New dinosaur caught in the act
Discovery shows transition from carnivore to vegetarian
(AP) -- Scientists have caught a dinosaur in the act of evolving from meat-eater to vegetarian.
The two-legged, feathered creature ate plants, but its bones show that the transition from its carnivorous ancestors was still in progress.
All plant-eating dinosaurs were ultimately descended from a meat-eater, and switchovers to plant-eating occurred several times. The newly discovered species, which lived 125 million years ago in what is now Utah, could help scientists understand details of how the changeovers took place.
It's "our first really good case of a dinosaur in the midst of shifting from the meat-eating body to a plant-eating one," said an expert not involved in the discovery, Thomas R. Holtz Jr. of the University of Maryland.
"It's definitely eating a substantial amount of plants, [but] we still see the original imprint of meat-eating upon it."
The creature, with 5-inch claws on its outsized hands, measured some 12 feet from its snout to the tip of its long skinny tail. It stood just over 3 feet tall at the hip and could apparently reach about five feet off the ground with its long neck to munch leaves or fruit, said Utah state paleontologist James Kirkland.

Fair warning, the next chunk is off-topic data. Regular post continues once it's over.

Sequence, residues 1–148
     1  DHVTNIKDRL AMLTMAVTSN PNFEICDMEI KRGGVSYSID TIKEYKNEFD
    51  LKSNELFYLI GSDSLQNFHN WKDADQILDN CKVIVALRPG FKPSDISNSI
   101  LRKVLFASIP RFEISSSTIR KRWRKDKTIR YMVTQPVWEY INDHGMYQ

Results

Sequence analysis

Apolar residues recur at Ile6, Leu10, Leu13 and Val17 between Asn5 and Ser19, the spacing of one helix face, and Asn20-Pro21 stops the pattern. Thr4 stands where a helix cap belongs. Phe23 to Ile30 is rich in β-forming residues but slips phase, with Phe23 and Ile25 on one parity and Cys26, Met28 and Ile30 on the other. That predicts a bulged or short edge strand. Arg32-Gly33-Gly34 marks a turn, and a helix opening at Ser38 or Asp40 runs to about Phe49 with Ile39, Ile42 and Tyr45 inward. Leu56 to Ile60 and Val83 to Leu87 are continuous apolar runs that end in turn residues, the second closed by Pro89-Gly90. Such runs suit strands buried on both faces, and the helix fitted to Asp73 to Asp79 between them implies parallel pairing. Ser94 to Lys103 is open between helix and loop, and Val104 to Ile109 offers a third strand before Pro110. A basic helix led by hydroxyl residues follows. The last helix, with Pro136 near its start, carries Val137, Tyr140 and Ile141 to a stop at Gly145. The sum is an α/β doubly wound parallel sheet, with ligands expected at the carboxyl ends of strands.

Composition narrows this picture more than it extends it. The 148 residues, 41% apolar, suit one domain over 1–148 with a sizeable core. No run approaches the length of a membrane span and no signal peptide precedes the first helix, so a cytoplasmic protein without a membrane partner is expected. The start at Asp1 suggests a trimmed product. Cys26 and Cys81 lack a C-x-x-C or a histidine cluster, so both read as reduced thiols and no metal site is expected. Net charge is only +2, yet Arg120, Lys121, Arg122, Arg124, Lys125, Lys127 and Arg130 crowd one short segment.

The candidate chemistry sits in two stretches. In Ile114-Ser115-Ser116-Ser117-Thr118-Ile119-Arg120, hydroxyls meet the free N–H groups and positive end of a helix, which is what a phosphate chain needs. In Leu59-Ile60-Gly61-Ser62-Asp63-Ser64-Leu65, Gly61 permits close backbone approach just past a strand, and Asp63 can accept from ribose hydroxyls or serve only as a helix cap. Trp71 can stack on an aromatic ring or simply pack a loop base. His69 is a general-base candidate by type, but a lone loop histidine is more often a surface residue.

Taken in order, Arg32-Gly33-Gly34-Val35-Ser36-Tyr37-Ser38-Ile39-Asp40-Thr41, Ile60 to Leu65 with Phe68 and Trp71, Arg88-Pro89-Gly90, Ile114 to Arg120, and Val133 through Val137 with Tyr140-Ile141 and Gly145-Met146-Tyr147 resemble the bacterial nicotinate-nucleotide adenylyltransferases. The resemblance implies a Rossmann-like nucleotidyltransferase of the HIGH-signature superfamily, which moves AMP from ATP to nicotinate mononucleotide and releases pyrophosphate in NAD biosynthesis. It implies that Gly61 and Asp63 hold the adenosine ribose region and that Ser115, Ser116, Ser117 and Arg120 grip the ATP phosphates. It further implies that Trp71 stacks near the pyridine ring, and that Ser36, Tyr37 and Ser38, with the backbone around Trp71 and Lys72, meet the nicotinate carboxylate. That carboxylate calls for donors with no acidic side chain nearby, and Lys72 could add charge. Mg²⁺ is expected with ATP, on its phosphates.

He describes the creature in Thursday's issue of the British journal Nature with Lindsay Zanno and Scott Sampson of the Utah Museum of Natural History at the University of Utah, among others.
They dubbed it Falcarius utahensis. Bones from hundreds or maybe thousands of these dinosaurs were discovered at a two-acre dig site in east-central Utah, south of the town of Green River. Nobody knows why they gathered there or what killed them, Kirkland said.
But analysis revealed that Falcarius was the earliest known member of a bizarre-looking group of plant-eaters called therizinosaurs (pronounced THAY-rih-ZY-no-sores.) Found mostly in Asia, the barrel-bodied creatures waddled upright like Godzilla or "a pot-bellied bear," Kirkland said.
Falcarius, very early in its evolution into the therizinosaur body type, retained the rather horizontal posture and built-for-speed legs of its meat-eating ancestors. But it had already lost the flattened and serrated teeth used to tear meat and acquired the smaller, more densely packed teeth of a vegetarian, Zanno said.
It also showed some change toward the larger gut needed to digest plant material rather than meat, as well as a lengthened neck and smaller head associated with eating plants, she said.
Holtz said Falcarius still had fairly slender proportions overall rather than the barrel body of later therizinosaurs. "This one could probably move fairly quickly," he said, whereas its more evolved relatives "would have had problems hunting things faster than a tree."
Kirkland and Zanno said they suspect Falcarius probably ate some meat in addition to plants.
"I wouldn't doubt this thing would eat a lizard or two in a pinch," Kirkland said.